Relationship of feeder lamb frame size to feedlot gain and carcass yield and quality grades.
Additional Document Info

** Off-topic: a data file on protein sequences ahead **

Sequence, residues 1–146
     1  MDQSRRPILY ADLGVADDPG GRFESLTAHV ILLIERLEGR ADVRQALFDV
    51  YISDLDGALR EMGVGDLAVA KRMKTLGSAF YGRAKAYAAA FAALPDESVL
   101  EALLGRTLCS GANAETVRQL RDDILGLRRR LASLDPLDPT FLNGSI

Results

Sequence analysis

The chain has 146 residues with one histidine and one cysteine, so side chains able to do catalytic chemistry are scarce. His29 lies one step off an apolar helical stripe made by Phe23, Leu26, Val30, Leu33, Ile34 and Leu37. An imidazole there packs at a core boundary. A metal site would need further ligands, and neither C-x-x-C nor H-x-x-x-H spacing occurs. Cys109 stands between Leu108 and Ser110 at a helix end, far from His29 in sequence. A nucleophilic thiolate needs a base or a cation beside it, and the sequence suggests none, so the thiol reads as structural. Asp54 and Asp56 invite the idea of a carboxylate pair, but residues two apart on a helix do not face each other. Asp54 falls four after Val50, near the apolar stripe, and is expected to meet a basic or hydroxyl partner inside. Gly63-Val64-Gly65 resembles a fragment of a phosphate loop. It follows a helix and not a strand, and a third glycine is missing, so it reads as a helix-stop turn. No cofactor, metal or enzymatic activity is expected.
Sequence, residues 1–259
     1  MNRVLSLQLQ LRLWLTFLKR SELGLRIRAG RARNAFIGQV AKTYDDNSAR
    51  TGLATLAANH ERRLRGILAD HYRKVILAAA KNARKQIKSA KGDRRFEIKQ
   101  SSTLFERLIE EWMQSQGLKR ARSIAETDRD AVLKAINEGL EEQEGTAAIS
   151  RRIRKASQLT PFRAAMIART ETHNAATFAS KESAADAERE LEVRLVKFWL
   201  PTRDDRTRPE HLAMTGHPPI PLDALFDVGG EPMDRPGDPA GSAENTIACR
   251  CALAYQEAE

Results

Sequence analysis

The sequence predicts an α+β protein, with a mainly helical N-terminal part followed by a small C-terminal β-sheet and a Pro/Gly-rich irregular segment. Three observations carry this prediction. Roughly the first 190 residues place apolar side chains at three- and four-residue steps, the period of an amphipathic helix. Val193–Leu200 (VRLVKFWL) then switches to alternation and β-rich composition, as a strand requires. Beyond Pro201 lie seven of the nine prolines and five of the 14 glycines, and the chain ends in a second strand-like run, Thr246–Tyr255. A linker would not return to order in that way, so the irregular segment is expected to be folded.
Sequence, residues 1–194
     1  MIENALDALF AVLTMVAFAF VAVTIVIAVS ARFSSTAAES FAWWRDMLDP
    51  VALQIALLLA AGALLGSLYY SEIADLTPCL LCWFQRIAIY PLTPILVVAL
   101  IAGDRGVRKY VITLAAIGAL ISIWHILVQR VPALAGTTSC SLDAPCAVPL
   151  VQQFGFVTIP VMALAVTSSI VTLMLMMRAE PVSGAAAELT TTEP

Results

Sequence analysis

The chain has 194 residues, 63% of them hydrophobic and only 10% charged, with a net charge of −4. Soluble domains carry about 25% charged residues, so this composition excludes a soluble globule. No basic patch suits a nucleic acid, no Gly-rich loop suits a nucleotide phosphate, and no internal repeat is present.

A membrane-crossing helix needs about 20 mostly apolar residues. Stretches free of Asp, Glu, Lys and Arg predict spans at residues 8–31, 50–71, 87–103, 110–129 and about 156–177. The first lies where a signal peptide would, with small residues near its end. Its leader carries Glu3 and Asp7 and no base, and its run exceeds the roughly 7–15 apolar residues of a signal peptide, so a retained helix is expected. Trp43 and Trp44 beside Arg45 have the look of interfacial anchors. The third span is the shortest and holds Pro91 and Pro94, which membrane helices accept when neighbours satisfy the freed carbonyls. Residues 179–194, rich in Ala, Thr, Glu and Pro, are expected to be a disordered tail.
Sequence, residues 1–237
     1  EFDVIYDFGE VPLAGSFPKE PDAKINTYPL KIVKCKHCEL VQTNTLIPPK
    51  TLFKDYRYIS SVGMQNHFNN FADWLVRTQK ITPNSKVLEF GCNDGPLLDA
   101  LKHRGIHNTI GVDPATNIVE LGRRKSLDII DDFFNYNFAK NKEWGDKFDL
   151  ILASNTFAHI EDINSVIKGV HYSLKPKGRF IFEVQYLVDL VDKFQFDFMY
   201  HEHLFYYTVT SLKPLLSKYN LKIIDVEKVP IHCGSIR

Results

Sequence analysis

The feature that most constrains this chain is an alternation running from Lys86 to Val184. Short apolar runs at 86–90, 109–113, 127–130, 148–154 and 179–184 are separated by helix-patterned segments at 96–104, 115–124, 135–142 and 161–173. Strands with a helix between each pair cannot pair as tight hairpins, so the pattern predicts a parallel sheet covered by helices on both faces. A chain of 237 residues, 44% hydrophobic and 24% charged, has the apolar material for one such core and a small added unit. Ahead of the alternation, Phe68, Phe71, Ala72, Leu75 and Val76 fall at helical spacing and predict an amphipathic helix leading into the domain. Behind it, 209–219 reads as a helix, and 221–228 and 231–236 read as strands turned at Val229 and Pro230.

Small-(S), medium-(M), and large-(L) framed feeder lambs (n = 243 S, 247 M, and 245 L) were finished on five diets differing in amount of concentrate (C) and crude protein (CP): 1) 30% C, 12.5% CP; 2) 55% C, 12.5% CP; 3) 55% C, 14.5% CP; 4) 80% C, 12.5% CP; and 5) 80% C, 14.5% CP. Lambs were sampled over a wide weight range to establish relationships of frame size to daily gain and live weight at specific carcass grade end points. Increased frame size (F) was associated with more rapid gains during finishing, although differences in daily gain among L, M, and S lambs were not expressed consistently across all dietary treatments (D), as reflected by a significant F x D interaction for ADG. The rate at which external fat thickness increased as the lambs became heavier was not affected by frame size, sex, or diet. However, increased frame size was associated with lower (P < .05) values for fat thickness (FT), body wall thickness (BWT), yield grade (YG), and quality grade (QG) when comparisons were made at a constant slaughter weight. Similarly, later-maturing wether lambs were leaner and had lower YG and QG than ewes of the same weight. Dietary treatment had no effect on FT, BWT, and YG when treatment groups were compared at a constant live weight. Subclass regressions of YG on live weight were used to project the weights at which lambs of various frame sizes would be expected to produce YG-2 carcasses. Projected final weights for wethers were less than 50 kg for S, 50 to 55 kg for M, and greater than 55 kg for L. Projected final weights for ewe lambs were approximately 2.5 kg lower. Dietary treatment did not affect relationships among frame size, live weight, and YG. A grading/classification system for feeder lambs based on frame size could be developed to predict carcass grade end point.